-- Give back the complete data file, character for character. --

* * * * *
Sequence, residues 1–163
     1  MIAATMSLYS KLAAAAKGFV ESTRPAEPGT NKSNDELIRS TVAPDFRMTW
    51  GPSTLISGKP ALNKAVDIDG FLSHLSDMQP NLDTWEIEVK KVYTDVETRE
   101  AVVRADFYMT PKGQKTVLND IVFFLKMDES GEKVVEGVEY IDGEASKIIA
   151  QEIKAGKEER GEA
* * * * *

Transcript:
Sequence, residues 1–163
     1  MIAATMSLYS KLAAAAKGFV ESTRPAEPGT NKSNDELIRS TVAPDFRMTW
    51  GPSTLISGKP ALNKAVDIDG FLSHLSDMQP NLDTWEIEVK KVYTDVETRE
   101  AVVRADFYMT PKGQKTVLND IVFFLKMDES GEKVVEGVEY IDGEASKIIA
   151  QEIKAGKEER GEA